Although we have a Teen MakerSpace that tends to be technology focused, we have also found that our teens want and enjoy a lot of more traditional arts and crafts. In fact, we have created both a drawing and teen coloring station in our Teen MakerSpace and both have proven to be very popular. So when we were trying to think of a 3rd quick, easy and inexpensive outreach module, teen coloring was the winner!
We have a variety of coloring sheets. We also have some high quality colored pencils, fine tip markers, and – after suggestions from our teens – a large assortment of gel pens. But I recently went to a very cool crafters conference and they had made coloring postcards and I thought – I can do that.
I am here to tell you that it was harder than I ever thought it would be. But I did, in fact, do it and I am quite happy with the finished product. I designed the postcard in Canva, which is an online site. The most difficult part was trying to find image outlines that had places to color as opposed to actual graphics. I used Canva because it has a preset postcard size that worked. I then downloaded my image and laid it out in a 4 part piece in Microsoft Publisher so I had a master to photo copy onto a thicker card stock.
I will also say, you can use portion of a coloring sheet to make fabulous buttons if you have a button maker. You could also provide stickers and teens could make names or sayings on their buttons using their coloring page as a background. And because I always get asked, we have American Button Machines button makers and we adore them. They are one of our most popular items in our Teen MakerSpace. We have both the 2.25 and 1.25 size and they are equally popular. It costs on average about 10 cents per button.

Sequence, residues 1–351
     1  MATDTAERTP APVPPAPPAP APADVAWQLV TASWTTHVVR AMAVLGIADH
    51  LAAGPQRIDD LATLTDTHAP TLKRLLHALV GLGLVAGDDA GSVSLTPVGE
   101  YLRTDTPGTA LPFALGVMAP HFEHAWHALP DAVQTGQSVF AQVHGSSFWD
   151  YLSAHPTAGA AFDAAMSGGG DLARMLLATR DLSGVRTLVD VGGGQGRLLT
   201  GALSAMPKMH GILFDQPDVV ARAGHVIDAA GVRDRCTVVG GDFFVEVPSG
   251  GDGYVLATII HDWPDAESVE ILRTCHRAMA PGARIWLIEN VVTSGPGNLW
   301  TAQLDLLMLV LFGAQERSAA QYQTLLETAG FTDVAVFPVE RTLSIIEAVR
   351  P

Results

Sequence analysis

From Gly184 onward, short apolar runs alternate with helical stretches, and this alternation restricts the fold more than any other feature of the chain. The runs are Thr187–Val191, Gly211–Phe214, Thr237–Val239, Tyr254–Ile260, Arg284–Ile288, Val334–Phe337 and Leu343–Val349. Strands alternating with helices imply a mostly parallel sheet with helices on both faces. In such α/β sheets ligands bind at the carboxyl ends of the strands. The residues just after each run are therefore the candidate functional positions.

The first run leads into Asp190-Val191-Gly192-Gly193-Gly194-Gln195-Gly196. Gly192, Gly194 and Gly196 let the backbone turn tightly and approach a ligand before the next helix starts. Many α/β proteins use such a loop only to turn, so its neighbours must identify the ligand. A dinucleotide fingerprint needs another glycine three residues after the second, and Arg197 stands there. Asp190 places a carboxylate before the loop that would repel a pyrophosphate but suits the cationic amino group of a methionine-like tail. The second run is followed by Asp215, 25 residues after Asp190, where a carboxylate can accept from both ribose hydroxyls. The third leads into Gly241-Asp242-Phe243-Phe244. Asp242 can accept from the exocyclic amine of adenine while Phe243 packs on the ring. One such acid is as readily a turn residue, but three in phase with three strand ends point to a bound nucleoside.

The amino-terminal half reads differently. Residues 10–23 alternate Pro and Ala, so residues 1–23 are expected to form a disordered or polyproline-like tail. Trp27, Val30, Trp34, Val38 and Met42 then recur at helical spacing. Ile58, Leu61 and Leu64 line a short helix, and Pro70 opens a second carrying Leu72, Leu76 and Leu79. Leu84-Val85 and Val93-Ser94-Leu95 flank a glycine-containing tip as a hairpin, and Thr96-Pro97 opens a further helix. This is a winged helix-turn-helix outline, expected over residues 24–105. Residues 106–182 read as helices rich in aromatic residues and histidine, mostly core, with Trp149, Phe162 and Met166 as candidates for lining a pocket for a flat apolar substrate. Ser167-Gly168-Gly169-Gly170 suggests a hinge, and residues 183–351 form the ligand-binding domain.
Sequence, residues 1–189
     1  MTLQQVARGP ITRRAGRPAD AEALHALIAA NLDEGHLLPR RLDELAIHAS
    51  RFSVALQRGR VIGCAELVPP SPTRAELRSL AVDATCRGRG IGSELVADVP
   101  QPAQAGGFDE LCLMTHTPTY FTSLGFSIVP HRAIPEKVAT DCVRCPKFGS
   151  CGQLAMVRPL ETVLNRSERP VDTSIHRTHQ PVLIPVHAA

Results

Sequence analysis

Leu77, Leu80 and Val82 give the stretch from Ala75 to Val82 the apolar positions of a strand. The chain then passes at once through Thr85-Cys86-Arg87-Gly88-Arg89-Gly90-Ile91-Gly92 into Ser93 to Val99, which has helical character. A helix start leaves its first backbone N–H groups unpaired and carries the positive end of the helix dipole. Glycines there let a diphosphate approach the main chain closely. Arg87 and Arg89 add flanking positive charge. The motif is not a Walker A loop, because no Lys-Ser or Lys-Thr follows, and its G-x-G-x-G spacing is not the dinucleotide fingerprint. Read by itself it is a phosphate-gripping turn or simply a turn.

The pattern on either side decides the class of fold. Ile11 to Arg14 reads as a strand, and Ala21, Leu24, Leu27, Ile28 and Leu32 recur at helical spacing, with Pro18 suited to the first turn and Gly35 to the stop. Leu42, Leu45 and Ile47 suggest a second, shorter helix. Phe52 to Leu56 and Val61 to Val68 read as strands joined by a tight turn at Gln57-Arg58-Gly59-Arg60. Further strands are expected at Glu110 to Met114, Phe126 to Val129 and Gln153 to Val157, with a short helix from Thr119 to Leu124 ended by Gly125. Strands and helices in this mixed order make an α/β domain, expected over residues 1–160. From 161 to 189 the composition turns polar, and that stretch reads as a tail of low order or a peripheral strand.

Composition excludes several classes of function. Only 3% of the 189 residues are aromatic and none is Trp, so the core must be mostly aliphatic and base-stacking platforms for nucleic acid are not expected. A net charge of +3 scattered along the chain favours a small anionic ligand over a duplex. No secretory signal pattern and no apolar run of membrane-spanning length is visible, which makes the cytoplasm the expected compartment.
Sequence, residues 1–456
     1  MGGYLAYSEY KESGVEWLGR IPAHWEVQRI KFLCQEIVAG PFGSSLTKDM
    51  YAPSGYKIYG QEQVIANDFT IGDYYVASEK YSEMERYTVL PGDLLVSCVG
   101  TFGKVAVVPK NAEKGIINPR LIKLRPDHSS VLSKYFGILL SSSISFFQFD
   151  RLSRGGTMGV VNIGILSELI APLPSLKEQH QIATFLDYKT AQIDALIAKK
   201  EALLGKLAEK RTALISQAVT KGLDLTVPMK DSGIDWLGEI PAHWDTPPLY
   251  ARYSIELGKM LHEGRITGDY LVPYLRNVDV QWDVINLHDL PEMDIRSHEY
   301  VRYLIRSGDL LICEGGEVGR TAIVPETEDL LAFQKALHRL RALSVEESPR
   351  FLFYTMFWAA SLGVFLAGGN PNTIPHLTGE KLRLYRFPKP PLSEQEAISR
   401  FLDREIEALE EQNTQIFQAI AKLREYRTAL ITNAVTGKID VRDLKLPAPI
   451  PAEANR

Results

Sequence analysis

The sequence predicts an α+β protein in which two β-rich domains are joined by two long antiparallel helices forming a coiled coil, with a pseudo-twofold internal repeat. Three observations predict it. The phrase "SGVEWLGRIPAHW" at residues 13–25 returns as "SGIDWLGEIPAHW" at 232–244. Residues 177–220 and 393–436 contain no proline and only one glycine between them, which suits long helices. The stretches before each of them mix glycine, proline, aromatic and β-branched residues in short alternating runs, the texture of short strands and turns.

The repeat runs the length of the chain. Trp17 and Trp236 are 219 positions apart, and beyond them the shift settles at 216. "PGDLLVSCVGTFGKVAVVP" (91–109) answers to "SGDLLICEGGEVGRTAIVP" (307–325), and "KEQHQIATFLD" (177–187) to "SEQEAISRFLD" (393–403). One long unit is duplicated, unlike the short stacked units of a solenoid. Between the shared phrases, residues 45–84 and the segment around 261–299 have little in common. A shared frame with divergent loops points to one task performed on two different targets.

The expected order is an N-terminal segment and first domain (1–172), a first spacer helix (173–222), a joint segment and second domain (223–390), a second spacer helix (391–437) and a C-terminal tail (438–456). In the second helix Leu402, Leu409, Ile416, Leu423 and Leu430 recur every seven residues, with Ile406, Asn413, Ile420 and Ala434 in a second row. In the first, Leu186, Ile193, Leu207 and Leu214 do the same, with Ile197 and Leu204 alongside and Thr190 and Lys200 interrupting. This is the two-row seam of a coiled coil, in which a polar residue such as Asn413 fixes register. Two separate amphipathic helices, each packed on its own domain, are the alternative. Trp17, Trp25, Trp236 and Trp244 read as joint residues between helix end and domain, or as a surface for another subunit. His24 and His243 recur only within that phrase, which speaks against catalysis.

Where to find coloring pages:
- Google free coloring pages
- Buy and take apart coloring books you purchase at your local store
- Demco sells these coloring bookmarks
I recommend having higher quality coloring tools – not crayons, though you will notice above that we bought name branded crayons for outreach. You can buy logo crayons at places like 4Imprint.com and GoImprints.com. Gel pens can be expensive but we bought this set at Costco for only $20.00.
So there you have it, 3 different outreach modules that are all set up and easy for us to grab and go when we are invited to go outside the library to promote our Teen MakerSpace. As I mentioned, our goal was to make them easy to carry and set up/take down and inexpensive, but they had to be hands on because we are promoting the idea of making and our teen makerspace. We do have some remote control robots that we can take with us for the “wow” factor. Now I have to get out there and go do some outreach!
What kinds of outreach activities does your library do? We’re always looking for more great ideas.